Thomas Underhill was the tenant of Hartley Court from 1718 to 1765. His father's will mentions that he assisted in the purchase.
"In the name of God Amen. I John Underhill of Faukham in the county of Kent, yeoman, being sick and weak in body, but of sound and disposing mind and memory (thanks and praise be given to Almighty God for the same), do make and ordain this my last will and testament in manner and form following, that is to say:
First and most prinicpally I do with all humility assign up my poor and immortal soul to the hands of Almighty God, my Creator, hoping through the merits and passion of my Redeemer Jesus Christ, to have and receive life in his kingdom of Glory, and body I commit to the earth to be decently buried at the discretion of my executor hereafter named.
And as for the disposition of all such worldly estate as it had pleased God of his benevolent goodness to bestow upon me, I give and dispose of the same as followeth:"
To "loving wife" Mary - Woodland called Claypitt Wood, Farningham Wood, High Wood, and Hawknest Wood, held on a lease granted by Sir Philip Boteler baronet by lease dated 20 January 1697 at a rent of £27.10.0.
To "loving son" John - House where he now lives called "Fawkham Court Lodge" and several arable lands, meadows. pastures and woods, held under lease dated 3 December 1701 by Sir Philip Boteler, for 24 years from 29 September 1701 at a yearly rent of £70. Also all household stuff at his house, and grain "both in the straw and threshed either in the barns or elsewhere about my said farm in Faukeham", also all horses, mares, colts, cows, calves, hogs, pigs, sheep, lambs, seeds sown, wood and all materials of husbandry. Provided he pay Mary £100 within 3 months. He also appoints a room in his house "furnished with necessaries" for Mary.
"Item: whereas I have agreed to buy of John Welch, the stock and household goods, being in and upon a certain messuage and farm, called Hartley Court Lodge Farm, late in the possession of Edward Welch deceased, and to lay down the money for the same to and for the use of my son Thomas Underhill, which money the said Thomas Underhill was to have repaid again unto me. And whereas I have now paid until the said John Welch the sum of £40 in part of the same money, and my said son Thomas is indebted unto me in the further sum of £20 [...]. Now I do hereby forgive, release and discharge my said son Thomas of and from the payment of the said sums of forty pounds and twenty pounds so due to me as aforesaid, and do now appoint and order that my executors hereafter named do [...] request costs and charges of my said son Thomas, sign, seal and duly execute a legal discharge or release for the sum [...] my said son Thomas, his executors or administrators as bear [...] and keep indemnified my said executors of and from the payment of any further sum or sums of money for the said goods and stock so bought of the said John Welch as aforesaid. And upon further condition I do desire and appoint that my executors hereafter or either of them, will not pretend to have or claim any benefit, advantage of or by certain articles of agreement, made the eighth day of this instant February made between William Taylor and me, for a lease of the said farm called Hartley Court Lodge Farm, otherwise than for the interest of my said son Thomas, whom I assigned the same".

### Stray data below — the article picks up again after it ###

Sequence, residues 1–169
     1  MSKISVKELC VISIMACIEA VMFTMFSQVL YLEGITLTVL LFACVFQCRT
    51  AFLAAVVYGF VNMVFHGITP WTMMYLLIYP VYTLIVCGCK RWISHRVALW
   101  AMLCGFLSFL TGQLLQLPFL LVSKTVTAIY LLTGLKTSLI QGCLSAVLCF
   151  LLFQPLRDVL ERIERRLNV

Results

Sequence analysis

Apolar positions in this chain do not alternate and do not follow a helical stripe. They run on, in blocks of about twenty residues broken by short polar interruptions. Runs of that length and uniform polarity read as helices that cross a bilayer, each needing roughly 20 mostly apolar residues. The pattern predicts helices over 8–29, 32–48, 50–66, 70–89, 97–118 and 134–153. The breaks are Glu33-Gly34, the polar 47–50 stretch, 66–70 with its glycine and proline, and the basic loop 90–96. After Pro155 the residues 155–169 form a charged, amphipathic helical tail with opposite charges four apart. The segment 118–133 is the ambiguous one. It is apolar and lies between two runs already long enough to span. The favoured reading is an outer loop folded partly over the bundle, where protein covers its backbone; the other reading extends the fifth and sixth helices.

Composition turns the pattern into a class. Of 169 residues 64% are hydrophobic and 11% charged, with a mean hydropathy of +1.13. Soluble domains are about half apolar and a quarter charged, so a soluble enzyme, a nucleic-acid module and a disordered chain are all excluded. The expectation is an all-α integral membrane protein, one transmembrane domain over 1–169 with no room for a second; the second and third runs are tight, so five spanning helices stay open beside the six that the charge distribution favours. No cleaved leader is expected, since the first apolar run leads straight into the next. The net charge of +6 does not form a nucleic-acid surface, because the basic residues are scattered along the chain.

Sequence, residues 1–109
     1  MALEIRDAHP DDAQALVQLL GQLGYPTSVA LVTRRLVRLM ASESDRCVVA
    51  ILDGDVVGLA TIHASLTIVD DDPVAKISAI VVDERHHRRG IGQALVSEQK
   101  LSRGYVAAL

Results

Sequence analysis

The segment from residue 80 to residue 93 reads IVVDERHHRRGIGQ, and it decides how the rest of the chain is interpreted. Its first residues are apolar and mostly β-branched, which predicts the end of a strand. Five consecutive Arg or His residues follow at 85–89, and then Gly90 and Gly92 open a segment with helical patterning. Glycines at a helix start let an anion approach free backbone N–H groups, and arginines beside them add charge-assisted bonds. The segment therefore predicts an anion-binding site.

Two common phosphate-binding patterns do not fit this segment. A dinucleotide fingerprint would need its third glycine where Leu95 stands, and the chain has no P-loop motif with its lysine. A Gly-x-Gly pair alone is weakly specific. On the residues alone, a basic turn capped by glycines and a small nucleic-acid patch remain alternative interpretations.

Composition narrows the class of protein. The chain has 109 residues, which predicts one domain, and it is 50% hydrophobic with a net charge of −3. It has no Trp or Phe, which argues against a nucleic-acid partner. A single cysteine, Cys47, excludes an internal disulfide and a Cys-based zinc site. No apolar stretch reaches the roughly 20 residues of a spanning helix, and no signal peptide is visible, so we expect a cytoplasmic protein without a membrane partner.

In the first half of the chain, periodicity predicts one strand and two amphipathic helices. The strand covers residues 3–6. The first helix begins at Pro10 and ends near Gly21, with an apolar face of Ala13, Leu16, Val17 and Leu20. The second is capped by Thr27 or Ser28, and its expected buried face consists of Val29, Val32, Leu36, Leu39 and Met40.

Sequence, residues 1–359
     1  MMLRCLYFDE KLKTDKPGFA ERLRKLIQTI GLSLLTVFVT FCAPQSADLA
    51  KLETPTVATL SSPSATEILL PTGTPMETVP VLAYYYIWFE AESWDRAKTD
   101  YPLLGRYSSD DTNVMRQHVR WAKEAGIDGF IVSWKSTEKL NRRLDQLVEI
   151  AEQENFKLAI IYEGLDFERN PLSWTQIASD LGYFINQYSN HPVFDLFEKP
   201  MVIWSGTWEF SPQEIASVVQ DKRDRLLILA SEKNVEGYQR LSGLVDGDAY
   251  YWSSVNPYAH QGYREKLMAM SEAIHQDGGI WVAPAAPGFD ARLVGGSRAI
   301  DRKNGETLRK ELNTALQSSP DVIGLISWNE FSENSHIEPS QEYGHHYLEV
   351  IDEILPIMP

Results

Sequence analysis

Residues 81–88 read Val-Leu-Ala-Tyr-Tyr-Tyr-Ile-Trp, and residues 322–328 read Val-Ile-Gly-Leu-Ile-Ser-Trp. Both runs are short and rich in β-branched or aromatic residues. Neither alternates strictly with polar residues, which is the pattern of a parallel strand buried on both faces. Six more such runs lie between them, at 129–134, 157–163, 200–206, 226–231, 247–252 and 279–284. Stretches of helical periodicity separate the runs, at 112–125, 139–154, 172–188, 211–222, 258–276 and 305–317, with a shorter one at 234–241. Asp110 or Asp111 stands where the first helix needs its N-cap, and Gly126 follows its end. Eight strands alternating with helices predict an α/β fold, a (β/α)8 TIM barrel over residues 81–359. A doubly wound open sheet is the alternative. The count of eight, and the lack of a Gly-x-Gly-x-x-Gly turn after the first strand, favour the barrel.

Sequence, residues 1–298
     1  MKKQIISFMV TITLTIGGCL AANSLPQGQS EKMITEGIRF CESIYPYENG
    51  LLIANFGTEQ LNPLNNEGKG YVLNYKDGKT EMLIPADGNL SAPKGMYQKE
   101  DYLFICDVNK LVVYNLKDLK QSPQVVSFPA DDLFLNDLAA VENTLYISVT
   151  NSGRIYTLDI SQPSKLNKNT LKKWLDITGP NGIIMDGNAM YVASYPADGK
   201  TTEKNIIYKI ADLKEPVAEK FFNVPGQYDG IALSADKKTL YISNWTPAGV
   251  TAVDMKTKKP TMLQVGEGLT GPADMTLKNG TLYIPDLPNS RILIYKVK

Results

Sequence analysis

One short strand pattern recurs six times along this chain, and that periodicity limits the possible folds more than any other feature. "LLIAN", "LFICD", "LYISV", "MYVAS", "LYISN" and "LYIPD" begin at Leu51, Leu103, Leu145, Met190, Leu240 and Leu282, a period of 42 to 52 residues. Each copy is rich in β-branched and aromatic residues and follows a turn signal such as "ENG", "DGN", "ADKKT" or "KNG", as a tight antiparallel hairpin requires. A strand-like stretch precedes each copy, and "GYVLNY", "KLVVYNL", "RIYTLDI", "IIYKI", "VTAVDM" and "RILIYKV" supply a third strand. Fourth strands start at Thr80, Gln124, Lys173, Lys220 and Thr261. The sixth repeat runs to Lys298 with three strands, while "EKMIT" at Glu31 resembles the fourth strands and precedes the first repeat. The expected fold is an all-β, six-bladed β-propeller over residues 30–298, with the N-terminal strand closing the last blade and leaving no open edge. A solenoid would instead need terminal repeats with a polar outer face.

To sons John and Thomas - all his messuages and lands, as tenants in common.
To wife Mary and son John - residue of his estate.to be equally divided between them. They to be joint executors. Gifts to Mary to be void if she claims dower.
Dated 24 February 1717/8.
John Underhill (X)
Witnesses:Thomas Middleton (X); Francis Treadwell (X); John Tasker (S)
Proved at London 17 March 1717/8.
Will of Mary Underhill of Fawkham (1729)
Reference: TNA PROB11/631 sig 215
Dated 21 March 1728.
To her loving son Thomas Underhill of Hartley, farmer: 8 pairs of hempen and flaxen sheets, 1 dozen of hempen napkins, 2 silver spoons, 1 old piece of broad gold worth 23/-; her wearing apparel, both woollen and linen; and "the gold ring I now wear on my finger being with a double posy".
To daughter in law Elizabeth, the wife of Thomas and Mary their daughter: a gold ring each and the linen not given to Thomas.
To Thomas: £30
To son John: her wedding ring and to his wife Susanna: a gold ring. And to John all the right she has to underwood, late used by her husband John Underhill. John to be executor and to get remainder of her personal estate.
Proved 7 July 1729
Will of Thomas Underhill of Hartley, yeoman (1765)
Reference: CKS DRa/PW14
"I do assign my poor and immortal soul into the hands of Almighty God, my creator, hoping by the meritorious death and passion of my dear Redeemer Jesus Christ to have and receive free pardon and forgiveness for all my sins and transgressions".
Body to be buried at the discretion of executrix.
To his "loving wife" Elizabeth - all money, securities, household goods and farm stock and all personal goods. She is to be executrix.
(S) Thomas Underhill
Witnesses: (X) Edward Thorpe; (X) Elen Venner
Dated: 17 January 1752
Proved: 1 November 1765
Will of Elizabeth Underhill (1775)
reference: PROB11/10008 sig 209
Late of "Harley" but now of Northfleet Green in Kent.
Wishes to be buried in Hartley Churchyard as near to her husband's grave as possible.
To her daughter Mary Venner, widow: £20, all wearing apparel, linen, wood, silk and gold wedding ring.
To grandson John Venner: £10
To grandson Thomas Venner: £10
To grandson Richard Venner: £10
To granddaughter Eleanor Russell, wife of Edward Russell of Stone, Kent: the remainder of her estate.